MIKE: Try reaching Jim Miller.  His contact information is listed in the letterhead of the newsletter posted at www.landspeedracing.com.  Also check www.ahrf.com, the foundation that Jim posts most of his work.  The internet has lots of photographs on it and it just takes time to look them up.  There are many private collections, especially in Southern California where the bulk of Bonneville racers originated.  We come across these collections every so often.  LandSpeed Louise Ann Noeth wrote a book on Bonneville and you may be able to still get a copy from bookstores or at the Wally Parks NHRA Motorsports Museum bookstore in Pomona, California.  Vincent did a pictorial on the Bonneville Salt Flats.  Other authors and photographers include Ab Jenkins, Robert Genat, George D. Lepp, David Fetherston, Tom Madigan, and Don Montgomery.  Do you want these for a book project or for your own personal collection?  You can post a request at our newsletter as often as you wish.  Check the website for any future responses by our members.
     I recently checked the AHRF and did find some photos of the Post Special in the collection of Doug Hartelt.  Some very nice views.  I am looking for the photographs for references to build scale models.  Mike Schoss, mschoss@comcast.net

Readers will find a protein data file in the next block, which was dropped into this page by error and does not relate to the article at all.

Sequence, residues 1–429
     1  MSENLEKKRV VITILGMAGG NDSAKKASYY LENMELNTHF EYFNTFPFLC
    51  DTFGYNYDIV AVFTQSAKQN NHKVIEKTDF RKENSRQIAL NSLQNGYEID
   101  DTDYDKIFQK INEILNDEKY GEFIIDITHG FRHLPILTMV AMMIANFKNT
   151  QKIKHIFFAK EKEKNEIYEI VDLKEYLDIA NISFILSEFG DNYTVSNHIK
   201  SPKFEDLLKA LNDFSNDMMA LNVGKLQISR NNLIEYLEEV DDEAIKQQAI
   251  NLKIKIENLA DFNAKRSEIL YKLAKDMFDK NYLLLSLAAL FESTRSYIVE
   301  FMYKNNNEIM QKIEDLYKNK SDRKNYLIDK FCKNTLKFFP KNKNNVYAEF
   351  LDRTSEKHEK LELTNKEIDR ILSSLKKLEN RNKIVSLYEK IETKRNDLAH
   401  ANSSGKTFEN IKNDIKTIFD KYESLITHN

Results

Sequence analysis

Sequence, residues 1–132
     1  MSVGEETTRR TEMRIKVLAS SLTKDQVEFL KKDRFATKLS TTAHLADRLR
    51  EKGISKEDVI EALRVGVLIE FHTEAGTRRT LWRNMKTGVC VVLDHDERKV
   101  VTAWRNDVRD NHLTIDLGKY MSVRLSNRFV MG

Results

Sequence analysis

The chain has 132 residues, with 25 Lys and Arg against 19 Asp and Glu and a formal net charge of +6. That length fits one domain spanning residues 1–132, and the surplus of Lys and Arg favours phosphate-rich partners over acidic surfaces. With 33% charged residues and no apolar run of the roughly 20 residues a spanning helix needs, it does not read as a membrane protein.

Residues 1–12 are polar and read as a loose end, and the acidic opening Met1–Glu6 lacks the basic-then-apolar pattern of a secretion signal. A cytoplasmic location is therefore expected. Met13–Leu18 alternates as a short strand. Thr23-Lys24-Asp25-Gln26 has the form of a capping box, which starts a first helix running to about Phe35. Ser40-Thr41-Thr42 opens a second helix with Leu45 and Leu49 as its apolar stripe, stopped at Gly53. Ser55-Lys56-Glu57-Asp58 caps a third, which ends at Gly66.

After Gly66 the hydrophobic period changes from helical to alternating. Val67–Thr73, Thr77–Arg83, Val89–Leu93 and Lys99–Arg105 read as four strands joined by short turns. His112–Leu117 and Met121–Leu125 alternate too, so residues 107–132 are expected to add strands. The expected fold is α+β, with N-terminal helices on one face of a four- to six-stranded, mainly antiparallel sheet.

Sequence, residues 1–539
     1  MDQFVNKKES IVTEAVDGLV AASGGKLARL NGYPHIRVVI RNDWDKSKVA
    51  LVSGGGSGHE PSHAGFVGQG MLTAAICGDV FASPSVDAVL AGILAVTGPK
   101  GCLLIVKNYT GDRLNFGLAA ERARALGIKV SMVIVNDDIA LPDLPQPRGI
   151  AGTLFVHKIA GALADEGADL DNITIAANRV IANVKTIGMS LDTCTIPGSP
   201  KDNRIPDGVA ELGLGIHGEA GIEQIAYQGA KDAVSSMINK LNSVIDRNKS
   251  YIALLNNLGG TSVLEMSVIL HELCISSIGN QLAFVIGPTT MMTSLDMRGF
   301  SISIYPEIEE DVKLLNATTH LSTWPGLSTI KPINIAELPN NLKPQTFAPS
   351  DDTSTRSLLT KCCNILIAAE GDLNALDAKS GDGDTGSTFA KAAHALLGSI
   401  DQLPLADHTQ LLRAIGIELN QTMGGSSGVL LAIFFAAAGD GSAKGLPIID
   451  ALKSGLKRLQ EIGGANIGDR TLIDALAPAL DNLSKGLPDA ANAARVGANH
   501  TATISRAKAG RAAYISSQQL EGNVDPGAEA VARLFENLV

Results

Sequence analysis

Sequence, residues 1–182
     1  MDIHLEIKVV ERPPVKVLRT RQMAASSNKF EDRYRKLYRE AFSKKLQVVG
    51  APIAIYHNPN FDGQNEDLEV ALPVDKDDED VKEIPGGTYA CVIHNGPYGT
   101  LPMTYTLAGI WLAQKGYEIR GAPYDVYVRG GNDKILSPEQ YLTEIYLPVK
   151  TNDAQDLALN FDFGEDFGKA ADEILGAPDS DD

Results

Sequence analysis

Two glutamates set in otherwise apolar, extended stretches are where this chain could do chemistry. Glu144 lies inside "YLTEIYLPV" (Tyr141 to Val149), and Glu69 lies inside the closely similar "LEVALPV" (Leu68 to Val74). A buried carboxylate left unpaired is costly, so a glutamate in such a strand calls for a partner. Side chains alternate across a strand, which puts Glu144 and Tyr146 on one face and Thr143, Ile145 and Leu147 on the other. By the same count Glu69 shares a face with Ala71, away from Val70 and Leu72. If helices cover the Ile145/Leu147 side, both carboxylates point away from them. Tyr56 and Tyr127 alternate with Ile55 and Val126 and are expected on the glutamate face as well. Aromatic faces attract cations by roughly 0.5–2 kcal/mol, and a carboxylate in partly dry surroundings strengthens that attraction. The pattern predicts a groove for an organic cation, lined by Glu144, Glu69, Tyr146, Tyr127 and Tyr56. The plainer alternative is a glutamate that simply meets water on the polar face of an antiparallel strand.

MIKE: You might check with the Wally Parks NHRA Motorsports Museum at 909-622-2133 to see if they have an archive on cut-away models.  Also HOT ROD Magazine displayed cut-away drawings.  Send me photos of what you have built and a description of your technique and what you plan to do with your models, i.e. sell them, create a personal collection, exhibit them.  Our newsletter is free to the public and you can join by going to www.landspeedracing.com and signing in.  You may post as many comments as you like on the newsletter and ask for assistance.  We are a historical society and not a blog, but anything of interest to our members can go into the newsletter.  Modelers are historians; they have to be in order to create the models.  So we would like to know what you have found out and that in turn may generate interest by our members in sending you photos taken at Bonneville for the time period you are researching.  Be sure to call Jim Miller; his phone number is on our masthead.

We received some very cool photos of a project being done by Doug Clem.

My 1940's Shell service station is almost completed, with the installation of the 3 recently restored Tokheim pumps. The AAA emergency service sign going up today. Doug Clem, Reno, Nevada (Director of the Eddie Meyer Garage Museum) dccdeuce@charter.net